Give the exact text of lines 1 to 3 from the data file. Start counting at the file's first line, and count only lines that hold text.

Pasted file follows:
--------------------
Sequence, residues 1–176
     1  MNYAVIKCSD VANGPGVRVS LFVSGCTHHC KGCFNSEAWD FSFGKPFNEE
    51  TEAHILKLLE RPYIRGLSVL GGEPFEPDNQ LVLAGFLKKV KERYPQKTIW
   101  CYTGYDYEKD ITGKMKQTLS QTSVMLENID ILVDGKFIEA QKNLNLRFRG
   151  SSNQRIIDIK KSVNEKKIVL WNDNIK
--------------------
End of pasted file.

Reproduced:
Sequence, residues 1–176
     1  MNYAVIKCSD VANGPGVRVS LFVSGCTHHC KGCFNSEAWD FSFGKPFNEE
    51  TEAHILKLLE RPYIRGLSVL GGEPFEPDNQ LVLAGFLKKV KERYPQKTIW